Endless Playlist: Deafheaven – “From the Kettle Onto the Coil”

Deafheaven From the Kettle Onto the Coil

It’s no secret that we at Treble loved the ever-loving bliss out of Deafheaven’s blackened post-metal epic Sunbather. We gave the record an outstanding review, listed it as our favorite new LP of 2013 and even carved out a spot for it on our recent list of Treble’s Top 100 Metal Albums. If that’s not passion, I don’t know what is. But passion is a double-edged sword. After all, we were impressed with — but not overwhelmed by — the band’s earlier output; it’s completely possible that future releases wouldn’t live up to Sunbather’s glorious muster.

On new single “From the Kettle Onto the Coil,” Deafheaven is sounding stronger than ever. One of Sunbather’s greatest strengths was that it was an album written at the band’s most vulnerable state; guitarist Kerry McCoy and vocalist George Clarke were the only remaining members for most of the writing/recording process, bringing in drummer Daniel Tracy to add his furious rhythms to an otherwise complete piece of work. But, since then, the band hired bassist Stephen Clark and second guitarist Shiv Mehra and have toured relentlessly in support of the record, often playing it in its hour-long entirety.

This trial by fire has formed the live act of Deafheaven into an indestructible whole, a unit that passes several crucial tests throughout “From the Kettle.” The track bursts forward via a mighty, introductory snare roll and, from that point on, the individual assets of the band are on full display. With that rhythmic foundation solidified, the core duo of Clarke and McCoy are able to shine even stronger. The lead guitar on this track soars higher than ever and the vocals are more varied — switching between longing roars, guttural growls and muddled screams.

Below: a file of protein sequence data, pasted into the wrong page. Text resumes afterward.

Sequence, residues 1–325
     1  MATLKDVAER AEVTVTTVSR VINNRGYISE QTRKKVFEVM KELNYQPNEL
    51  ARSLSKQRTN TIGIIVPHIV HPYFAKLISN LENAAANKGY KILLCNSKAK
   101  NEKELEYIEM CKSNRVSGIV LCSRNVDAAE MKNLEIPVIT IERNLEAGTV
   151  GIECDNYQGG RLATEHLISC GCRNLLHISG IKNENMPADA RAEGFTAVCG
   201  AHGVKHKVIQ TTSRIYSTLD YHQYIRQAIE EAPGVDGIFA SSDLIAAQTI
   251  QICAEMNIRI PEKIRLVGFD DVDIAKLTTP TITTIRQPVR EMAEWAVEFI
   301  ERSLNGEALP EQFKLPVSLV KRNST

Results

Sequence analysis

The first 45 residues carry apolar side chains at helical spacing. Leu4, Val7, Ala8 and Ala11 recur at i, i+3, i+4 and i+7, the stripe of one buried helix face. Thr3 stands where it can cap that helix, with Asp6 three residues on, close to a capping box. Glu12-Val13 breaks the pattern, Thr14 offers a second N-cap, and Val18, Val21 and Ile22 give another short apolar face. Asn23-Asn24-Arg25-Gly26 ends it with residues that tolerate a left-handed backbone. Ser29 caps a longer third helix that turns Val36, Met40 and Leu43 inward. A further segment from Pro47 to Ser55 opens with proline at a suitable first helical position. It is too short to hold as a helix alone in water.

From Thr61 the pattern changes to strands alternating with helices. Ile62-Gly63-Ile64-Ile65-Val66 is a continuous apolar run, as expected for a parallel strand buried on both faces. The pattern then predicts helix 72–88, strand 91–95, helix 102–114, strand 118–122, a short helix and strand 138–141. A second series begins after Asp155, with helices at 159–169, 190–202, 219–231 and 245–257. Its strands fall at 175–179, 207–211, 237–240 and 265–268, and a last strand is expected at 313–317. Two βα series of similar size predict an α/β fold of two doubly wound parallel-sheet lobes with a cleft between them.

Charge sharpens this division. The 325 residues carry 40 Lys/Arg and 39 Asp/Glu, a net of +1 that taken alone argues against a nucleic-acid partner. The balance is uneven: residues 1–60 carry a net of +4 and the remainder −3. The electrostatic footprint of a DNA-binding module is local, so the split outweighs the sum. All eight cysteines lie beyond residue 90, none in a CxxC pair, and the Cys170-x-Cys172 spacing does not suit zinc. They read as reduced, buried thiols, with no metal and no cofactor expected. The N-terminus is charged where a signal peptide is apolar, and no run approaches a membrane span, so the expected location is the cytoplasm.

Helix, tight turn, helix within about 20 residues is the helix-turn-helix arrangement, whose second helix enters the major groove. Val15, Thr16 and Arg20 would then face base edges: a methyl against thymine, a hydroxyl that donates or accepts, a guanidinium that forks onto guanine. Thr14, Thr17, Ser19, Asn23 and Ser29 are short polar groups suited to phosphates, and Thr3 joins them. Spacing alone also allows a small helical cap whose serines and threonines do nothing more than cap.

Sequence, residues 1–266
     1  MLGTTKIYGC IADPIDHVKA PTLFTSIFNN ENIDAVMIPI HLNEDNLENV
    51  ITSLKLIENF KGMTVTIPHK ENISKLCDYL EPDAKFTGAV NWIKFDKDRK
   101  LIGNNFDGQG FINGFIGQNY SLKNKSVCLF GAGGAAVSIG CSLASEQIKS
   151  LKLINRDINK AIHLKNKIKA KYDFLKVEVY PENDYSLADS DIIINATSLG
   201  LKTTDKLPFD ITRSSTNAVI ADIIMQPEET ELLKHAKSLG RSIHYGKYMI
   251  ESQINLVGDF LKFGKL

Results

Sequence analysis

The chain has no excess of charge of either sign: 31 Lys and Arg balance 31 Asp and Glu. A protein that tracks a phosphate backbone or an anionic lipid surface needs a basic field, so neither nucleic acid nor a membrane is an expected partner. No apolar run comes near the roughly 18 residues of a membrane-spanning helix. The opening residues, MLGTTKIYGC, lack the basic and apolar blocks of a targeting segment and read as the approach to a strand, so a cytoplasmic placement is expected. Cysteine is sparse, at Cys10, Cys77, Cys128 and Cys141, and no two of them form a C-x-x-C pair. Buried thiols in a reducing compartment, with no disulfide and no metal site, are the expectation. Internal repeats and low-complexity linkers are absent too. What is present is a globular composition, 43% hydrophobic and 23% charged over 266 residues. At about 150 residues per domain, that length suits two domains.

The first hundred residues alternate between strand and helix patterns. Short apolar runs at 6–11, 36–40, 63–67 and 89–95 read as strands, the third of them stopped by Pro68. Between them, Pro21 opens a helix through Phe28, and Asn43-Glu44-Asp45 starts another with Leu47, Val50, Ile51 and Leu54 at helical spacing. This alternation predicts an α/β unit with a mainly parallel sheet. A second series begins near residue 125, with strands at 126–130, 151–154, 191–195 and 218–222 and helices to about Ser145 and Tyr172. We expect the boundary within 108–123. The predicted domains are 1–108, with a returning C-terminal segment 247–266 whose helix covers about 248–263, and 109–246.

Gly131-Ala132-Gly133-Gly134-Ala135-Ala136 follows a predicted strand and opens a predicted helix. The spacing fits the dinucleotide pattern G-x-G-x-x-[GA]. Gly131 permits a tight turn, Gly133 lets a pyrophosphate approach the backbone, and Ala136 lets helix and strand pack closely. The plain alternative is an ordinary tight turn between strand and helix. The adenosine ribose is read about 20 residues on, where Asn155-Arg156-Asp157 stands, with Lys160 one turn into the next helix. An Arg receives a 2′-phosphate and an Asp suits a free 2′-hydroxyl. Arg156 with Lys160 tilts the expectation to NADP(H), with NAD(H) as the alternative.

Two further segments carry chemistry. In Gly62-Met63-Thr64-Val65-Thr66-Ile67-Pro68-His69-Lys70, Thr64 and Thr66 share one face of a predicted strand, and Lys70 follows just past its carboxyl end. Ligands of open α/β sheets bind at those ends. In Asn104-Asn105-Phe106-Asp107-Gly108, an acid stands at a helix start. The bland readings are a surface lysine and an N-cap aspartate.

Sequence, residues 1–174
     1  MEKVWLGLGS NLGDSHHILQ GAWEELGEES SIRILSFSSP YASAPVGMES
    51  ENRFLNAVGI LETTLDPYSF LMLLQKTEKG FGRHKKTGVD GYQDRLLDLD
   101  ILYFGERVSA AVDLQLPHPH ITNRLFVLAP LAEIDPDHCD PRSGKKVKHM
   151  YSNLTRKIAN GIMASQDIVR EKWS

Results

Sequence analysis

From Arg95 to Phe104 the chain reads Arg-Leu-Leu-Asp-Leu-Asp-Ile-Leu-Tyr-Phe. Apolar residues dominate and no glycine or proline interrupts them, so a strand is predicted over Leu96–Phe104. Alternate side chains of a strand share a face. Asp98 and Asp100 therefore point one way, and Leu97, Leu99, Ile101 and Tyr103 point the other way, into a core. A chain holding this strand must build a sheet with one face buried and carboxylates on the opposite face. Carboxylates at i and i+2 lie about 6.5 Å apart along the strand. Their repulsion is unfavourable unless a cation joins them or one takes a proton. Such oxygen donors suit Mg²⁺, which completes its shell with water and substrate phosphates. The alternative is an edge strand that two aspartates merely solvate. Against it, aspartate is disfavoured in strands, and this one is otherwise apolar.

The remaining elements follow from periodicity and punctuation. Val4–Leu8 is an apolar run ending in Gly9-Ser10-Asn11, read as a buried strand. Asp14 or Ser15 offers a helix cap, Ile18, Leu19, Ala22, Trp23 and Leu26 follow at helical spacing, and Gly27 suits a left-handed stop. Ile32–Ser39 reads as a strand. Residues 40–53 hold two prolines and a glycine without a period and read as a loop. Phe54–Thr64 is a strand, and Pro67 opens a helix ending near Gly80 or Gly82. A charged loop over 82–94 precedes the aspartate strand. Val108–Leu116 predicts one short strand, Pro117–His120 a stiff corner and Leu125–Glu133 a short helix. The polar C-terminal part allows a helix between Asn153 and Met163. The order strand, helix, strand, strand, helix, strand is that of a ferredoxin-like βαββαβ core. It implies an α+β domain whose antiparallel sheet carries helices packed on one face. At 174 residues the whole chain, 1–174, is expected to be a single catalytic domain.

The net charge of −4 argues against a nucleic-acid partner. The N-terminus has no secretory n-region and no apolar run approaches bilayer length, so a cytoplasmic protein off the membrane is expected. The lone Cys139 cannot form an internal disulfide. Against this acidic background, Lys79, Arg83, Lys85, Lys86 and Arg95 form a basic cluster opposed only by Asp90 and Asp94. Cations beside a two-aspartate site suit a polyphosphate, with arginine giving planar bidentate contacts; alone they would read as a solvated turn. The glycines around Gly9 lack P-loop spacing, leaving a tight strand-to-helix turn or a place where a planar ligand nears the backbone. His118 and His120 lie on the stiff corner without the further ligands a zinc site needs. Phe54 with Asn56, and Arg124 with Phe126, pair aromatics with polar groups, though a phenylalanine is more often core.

Surprisingly, “From The Kettle” is the strongest channel yet for the band’s two most striking influences: Black metal and shoegaze. There are extreme moments where Clarke is at his most furious and the band plays their most straightforwardly blackened madness yet. But the song also showcases some of the group’s most gorgeous passages to date. Thanks to slightly improved production, the gorgeous nuances and vast influences of this composition are even more evident than they were on Sunbather. There are heightened death metal influences, more daring bass lines and even a short appearance of backup vocals that bear a strong resemblance to those often used by post-rock legends Mogwai. Clarke’s lyrical musings make a pretty solid companion piece to Sunbather’s title track, with references to “dancing in the high sun” and “the squinting spectator.” There’s a lot going on here but, per Deafheaven’s modus operandi, it all flows together seamlessly and organically.

At six minutes long, “From The Kettle” is one of Deafheaven’s shortest songs (excluding the more ambient interludes found on Sunbather). But, in that relatively short span of time, the band manages to cover the emotional and sonic ground of a track like “Dream House” or “Vertigo,” and add a few steps as well. Like the band’s other best work, the song straddles a line between deep sorrow and impenetrable joy. There are swells, peaks and plummets as usual but, through it all, the song never loosens its durable grip on the listener.

[from Adult Swim Singles Series]
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